Nation Branding Lab

A WINDOW INTO HOW CITIES, DESTINATIONS, AND NATIONS LIVE THEIR BRANDS

Category: Nation Branding

Hug Thailand

After the political unrest in 2009, 2010 in Thailand, The Tourism Authority of Thailand partnered with Leo Burnett Thailand and executed a national campaign, Hug Thailand. The 60-second spot went live on Thailand’s national television.

The spot’s both comforting and humorous message is meant to heal and wounds in the minds of Thailand citizens and encourage them to resume their domestic travels. It attempts to capture the beauty of Thailand and its loving people that hug the nature around them and that will also hug you.

This campaign is unique in that the nation branding is meant to be presented to the nation’s own citizens. Although I believe this campaign was more appealing than Thailand’s international nation branding campaign at that time, “Amazing Thailand,” I am not sure if this domestic campaign was an effective persuasion for Thailand’s wounded and tired citizens. For Thailand, changing the citizens’ opinion on the nation and the government would have been only possible through genuine interaction and dialogue between the citizens and the government (with a new culture).  I doubt that with its communications-based approach, “Hug Thailand” was anything more than telling the people what the government wishes to hear them to think.

The World’s Most Democratic Twitter Account: @Sweden

The Curators of Sweden is a project that aims to present Sweden through the eyes of ordinary citizens. Every week, a Swede takes the exclusive control over the Twitter account, @Sweden.This initiative of the National Board for the promotion of Sweden is to create interest in and arouse curiosity for Sweden by painting the picture of Sweden with the new media.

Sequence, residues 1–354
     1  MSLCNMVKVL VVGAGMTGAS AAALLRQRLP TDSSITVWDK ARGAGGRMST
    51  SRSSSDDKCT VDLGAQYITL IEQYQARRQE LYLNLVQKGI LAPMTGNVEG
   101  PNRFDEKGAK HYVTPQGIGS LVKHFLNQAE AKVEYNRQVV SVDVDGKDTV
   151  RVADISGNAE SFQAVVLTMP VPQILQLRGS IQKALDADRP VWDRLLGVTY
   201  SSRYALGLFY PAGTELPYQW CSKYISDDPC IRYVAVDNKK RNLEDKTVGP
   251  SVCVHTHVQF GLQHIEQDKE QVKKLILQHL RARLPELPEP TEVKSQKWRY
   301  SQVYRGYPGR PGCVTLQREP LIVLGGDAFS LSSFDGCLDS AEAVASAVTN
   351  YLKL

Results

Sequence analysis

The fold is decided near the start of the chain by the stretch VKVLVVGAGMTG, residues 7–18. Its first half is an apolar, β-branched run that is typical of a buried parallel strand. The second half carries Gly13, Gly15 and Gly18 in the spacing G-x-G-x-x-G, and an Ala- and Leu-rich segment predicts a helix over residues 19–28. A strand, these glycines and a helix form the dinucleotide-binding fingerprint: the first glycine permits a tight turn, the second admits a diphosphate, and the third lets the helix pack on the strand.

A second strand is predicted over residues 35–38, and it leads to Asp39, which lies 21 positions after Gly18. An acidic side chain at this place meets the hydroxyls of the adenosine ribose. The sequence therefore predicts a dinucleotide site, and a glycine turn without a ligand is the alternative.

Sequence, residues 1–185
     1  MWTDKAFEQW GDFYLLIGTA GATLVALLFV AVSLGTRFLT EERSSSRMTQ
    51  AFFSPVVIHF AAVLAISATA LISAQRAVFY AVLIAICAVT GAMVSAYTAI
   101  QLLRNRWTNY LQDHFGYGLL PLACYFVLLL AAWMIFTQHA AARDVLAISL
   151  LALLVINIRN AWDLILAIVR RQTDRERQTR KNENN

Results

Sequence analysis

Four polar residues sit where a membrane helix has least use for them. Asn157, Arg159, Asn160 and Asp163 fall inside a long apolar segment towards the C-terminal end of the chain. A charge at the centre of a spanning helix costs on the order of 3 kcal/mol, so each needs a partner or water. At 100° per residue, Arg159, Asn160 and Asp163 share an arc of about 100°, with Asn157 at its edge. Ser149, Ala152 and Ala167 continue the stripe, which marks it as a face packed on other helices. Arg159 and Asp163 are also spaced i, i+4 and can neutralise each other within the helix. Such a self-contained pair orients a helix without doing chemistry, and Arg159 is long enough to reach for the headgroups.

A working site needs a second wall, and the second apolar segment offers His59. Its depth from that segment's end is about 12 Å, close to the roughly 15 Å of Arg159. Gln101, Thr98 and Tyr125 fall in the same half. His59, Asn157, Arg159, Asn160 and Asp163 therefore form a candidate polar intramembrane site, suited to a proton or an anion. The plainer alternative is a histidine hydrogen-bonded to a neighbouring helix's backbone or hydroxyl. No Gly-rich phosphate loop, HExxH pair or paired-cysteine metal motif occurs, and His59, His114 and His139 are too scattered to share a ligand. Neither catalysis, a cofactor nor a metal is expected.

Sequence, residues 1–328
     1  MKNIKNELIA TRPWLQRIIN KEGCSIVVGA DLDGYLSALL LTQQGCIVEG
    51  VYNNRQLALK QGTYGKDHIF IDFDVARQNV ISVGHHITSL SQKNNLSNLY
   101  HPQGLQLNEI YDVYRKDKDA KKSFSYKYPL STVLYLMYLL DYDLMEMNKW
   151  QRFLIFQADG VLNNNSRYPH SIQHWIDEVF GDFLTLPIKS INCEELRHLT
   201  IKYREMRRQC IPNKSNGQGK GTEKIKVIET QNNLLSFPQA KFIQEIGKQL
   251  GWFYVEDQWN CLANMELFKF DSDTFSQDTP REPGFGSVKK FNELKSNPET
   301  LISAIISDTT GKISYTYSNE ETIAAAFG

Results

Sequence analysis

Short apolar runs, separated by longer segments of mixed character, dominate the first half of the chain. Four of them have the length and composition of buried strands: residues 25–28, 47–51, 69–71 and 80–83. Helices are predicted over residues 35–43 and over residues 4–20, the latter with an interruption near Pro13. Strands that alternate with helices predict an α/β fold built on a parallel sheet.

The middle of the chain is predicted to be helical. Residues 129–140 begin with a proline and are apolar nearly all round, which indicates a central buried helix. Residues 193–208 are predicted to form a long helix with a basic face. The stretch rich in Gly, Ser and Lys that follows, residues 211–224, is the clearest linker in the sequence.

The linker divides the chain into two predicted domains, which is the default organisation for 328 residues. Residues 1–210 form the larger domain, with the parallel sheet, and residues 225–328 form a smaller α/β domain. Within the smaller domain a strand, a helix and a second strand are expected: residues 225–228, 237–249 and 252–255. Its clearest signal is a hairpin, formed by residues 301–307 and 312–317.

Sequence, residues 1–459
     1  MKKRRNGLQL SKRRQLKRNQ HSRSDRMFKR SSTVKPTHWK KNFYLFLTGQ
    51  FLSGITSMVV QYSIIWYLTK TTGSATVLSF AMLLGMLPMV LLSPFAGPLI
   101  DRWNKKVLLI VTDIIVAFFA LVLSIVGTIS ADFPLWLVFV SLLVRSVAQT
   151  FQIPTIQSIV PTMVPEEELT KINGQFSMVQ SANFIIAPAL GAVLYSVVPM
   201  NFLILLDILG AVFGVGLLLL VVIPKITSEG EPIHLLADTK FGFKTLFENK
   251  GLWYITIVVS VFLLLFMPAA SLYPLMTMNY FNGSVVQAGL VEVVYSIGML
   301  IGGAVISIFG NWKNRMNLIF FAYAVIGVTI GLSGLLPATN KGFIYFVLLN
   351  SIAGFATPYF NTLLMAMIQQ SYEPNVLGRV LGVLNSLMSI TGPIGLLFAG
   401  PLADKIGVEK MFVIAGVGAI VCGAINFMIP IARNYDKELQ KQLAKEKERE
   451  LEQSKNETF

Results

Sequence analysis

I first thought that it was a innovatively democratic approach to mass communication by the government. The project isn’t all about what the tweets say. It will be about what the nation is doing with a Twitter account. I also thought that since it targets the worldwide audience, it could be a great way to recover from the unexpected damage to the peaceful reputation of Scandinavian countries caused by the tragic gun shooting in Norway last year.

Below, I’ve captured some of the tweets by @Sweden since last December. The tweets consist of outright promotion of Swedish culture, comments on social issues, personal rambling, and even irresponsible comments and links to inappropriate pictures.

Despite the risk coming from handing over the national Twitter account to untrained Swedes, the Curators of Sweden must not not be strictly regulate the tweets beforehand or go through a strict selection process for the account holders. These practices would defeat the democratic purpose of this unique Twitter account. However, they will need to come up with and establish proper guidelines in order to avoid any incident that might cause the twitter account to lose its credibility or authenticity. But again, the significance here is more of what Sweden is doing with its Twitter account instead of what the tweets say.